The kids from his soccer school are waiting somewhere, in their Beasley 7 shirts. A stack of pizzas sits in lobby. Through the double doors, on The Plex pitch, there's a table and microphones and a video screen clicking remotely through images of Beasley 7, his two weeks of history frozen forever in mid-flight.
Behind the table, beyond all of that now, the man himself.
He comes to us this Friday in a red Coca-Cola T-shirt and a baseball cap with the bill cranked around to the rear, fresh from a meeting with the mayor of his hometown. Friday, Tom Henry decreed, was officially DaMarcus Beasley Day in Fort Wayne. Heck of a thing for man who left here when he was 16 and has been everywhere since – Scotland and the Netherlands and Mexico and, yes, most recently, Brazil – but always seems to find his way back.
“I always say, ‘Fort Wayne is my home,' ” Beasley says now.
And DaMarcus Beasley Day?
“Very, very cool,” he says.
It is all cool now, truthfully, if you're Beasley. At 32, he just made history down there in Brazil, becoming the only American man ever to play in four World Cups. And then he played and played and played some more, every minute of every game, his international career revived in its wintertime when the U.S. national coach, Jurgen Klinsmann, moved him to left back.
Opponents began the World Cup by attacking down his side, thinking they could pick on the old man. They finished it by attacking away from him, as Beasley had the most effective performance of a World Cup career that likely has ended now.
Key word, “likely.”
“I joke about it, because I'm 32 and I'd be 36 (in 2018),” Beasley said Friday. “But, … I'm not going to let someone take my position easily. I'm going to give my all and keep pushing until my legs can't go anymore.”
Which means he's not thinking retirement yet, even though he's not returning to Puebla in the Mexican league next season.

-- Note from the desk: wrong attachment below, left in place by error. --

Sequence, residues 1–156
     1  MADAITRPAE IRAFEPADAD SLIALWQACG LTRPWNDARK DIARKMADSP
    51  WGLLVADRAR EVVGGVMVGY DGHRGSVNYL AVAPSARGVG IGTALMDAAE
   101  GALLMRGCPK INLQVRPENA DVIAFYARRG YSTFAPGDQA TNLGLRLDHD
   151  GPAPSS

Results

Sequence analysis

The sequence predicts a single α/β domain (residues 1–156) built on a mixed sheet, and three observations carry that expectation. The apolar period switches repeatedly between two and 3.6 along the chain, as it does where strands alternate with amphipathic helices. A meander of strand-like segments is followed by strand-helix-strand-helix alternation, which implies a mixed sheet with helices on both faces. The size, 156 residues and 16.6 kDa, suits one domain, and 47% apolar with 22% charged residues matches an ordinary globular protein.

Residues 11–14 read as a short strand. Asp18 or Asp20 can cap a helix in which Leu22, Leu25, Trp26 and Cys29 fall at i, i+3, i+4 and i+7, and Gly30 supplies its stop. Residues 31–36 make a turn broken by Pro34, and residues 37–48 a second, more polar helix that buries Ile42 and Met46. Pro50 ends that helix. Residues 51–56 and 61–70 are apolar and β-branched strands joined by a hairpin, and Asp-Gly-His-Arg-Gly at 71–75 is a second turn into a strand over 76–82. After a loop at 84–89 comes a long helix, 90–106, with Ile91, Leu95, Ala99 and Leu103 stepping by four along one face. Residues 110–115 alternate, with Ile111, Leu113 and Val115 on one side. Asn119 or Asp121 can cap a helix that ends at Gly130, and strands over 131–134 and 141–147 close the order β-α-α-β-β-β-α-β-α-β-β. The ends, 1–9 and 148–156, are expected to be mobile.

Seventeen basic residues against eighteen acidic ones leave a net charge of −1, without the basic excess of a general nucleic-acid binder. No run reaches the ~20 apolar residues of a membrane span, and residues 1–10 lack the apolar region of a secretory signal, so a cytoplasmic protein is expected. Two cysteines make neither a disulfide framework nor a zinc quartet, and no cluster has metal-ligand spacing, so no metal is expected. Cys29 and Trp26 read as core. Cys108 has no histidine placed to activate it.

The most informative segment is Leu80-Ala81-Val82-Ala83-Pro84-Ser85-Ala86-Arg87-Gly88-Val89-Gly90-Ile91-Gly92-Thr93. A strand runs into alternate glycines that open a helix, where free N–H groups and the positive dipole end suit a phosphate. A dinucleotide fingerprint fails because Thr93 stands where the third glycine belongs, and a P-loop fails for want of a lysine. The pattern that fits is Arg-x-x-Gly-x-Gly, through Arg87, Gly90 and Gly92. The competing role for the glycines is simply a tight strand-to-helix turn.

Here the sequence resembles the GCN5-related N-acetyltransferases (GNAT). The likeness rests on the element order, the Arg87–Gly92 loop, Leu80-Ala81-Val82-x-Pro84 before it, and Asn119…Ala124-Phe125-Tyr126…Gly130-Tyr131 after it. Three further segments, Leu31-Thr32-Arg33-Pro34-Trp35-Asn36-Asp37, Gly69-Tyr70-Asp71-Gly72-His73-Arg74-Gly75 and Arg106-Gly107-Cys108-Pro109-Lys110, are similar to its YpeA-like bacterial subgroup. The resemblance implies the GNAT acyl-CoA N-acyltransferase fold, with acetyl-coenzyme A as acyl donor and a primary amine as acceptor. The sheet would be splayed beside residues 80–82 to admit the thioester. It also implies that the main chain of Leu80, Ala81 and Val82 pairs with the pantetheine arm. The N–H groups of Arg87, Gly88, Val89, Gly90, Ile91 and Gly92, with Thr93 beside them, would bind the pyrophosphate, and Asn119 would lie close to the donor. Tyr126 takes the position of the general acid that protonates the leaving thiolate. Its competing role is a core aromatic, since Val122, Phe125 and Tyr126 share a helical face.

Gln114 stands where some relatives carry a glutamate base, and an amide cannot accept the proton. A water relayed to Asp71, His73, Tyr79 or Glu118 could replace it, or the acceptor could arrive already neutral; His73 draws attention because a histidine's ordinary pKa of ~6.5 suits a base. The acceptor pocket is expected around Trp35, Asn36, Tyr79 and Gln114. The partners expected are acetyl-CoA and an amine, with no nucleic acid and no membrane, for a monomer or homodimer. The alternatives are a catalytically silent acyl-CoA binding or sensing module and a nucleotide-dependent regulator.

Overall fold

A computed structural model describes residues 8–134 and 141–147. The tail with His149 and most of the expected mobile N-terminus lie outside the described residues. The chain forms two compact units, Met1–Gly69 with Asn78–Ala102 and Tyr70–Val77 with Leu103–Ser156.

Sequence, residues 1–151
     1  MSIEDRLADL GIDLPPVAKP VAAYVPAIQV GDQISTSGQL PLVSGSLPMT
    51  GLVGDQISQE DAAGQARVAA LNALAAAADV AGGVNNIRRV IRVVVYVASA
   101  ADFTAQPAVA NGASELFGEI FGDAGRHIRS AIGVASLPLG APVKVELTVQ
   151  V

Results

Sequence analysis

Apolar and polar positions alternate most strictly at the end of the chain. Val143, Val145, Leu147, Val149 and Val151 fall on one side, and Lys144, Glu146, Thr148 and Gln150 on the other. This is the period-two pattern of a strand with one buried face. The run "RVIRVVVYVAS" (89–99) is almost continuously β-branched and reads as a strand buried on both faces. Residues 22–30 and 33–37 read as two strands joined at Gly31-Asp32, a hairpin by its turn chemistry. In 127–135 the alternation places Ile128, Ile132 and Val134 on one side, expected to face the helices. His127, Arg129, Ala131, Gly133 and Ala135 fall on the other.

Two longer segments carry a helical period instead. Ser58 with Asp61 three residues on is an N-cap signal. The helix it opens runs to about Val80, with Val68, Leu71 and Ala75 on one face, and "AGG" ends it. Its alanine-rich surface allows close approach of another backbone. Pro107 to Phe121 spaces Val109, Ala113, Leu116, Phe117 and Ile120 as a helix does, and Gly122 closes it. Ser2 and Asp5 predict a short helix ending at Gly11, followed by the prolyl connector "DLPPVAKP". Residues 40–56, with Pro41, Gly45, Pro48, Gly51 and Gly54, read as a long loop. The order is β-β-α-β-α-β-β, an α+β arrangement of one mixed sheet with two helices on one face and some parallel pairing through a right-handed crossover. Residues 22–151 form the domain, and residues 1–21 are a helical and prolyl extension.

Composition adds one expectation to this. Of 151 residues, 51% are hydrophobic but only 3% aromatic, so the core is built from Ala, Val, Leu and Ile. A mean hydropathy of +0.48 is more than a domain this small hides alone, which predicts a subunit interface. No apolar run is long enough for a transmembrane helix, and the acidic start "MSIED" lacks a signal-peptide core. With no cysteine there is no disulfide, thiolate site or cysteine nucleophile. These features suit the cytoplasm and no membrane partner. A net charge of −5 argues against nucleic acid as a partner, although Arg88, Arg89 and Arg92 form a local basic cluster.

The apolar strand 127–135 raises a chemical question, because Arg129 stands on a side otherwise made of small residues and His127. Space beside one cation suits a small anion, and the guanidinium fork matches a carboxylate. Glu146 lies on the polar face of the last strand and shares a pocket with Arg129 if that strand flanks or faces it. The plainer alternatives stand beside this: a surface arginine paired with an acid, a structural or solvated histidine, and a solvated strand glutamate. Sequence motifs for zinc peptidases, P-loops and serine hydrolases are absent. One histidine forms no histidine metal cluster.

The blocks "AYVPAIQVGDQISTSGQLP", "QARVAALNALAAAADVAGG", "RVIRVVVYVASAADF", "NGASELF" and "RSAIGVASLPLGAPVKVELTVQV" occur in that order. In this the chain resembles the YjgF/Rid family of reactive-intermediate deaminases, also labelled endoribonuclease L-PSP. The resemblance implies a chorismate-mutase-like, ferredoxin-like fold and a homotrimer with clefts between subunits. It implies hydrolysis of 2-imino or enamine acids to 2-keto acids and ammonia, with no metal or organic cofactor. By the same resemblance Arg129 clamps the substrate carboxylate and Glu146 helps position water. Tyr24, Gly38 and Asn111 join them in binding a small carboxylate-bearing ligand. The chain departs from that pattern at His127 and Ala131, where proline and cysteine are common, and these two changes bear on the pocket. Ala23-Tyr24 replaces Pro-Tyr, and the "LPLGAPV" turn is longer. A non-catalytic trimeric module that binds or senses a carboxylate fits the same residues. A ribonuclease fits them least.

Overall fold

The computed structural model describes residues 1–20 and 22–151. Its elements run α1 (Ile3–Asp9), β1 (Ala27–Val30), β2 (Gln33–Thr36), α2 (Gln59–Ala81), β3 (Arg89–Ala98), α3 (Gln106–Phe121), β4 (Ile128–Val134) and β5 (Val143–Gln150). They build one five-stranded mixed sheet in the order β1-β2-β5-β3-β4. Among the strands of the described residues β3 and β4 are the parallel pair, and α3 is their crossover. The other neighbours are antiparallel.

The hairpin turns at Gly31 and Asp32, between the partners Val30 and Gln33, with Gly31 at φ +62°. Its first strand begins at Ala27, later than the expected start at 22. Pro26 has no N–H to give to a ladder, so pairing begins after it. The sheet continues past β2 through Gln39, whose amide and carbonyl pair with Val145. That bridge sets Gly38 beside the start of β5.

“My door is always open,” he says. “I would literally play almost anywhere. I just want to be happy playing football and enjoying the sport and getting as much out of it as I can until the day I decide to retire.”
And all those moments frozen for posterity, flashing on the screen to his right?
He'll think on all that later, although it's hard not to dwell on them at the moment. The win over Ghana. The near-win over Portugal. Playing eventual World Cup champion Germany to the bitter end to escape the Group of Death as an entire nation stopped dead in its tracks to watch …
“We all felt the love from the States and how much everyone was on board,” Beasley says. “It really picked up from 2010 and obviously the other World Cups I played in.”
Which total four now, of course. There was 2002, taking the field at 20 with his pal Landon Donovan, beating Portugal right off the hop. Then there was 2006 and 2010 and finally 2014, the pinnacle, the best of all times.
“The experience in Brazil for me was the best World Cup,” Beasley says. “For a lot of people, it's where football started. The whole country is about football. To be able to play in this World Cup was very special.”
And all the personal history?
“When you grow up as a kid, everybody wants to play in the World Cup,” he replies. “For us, in our sport, that's the highest you can go. So to be able to play in four; … never in my wildest dreams did I think I would be in this place right now.”
And then he's off, after a few more questions. He moves to the center of the pitch. The kids line up, holding mini soccer balls and jerseys and more jerseys for him to sign.
They've waited long enough.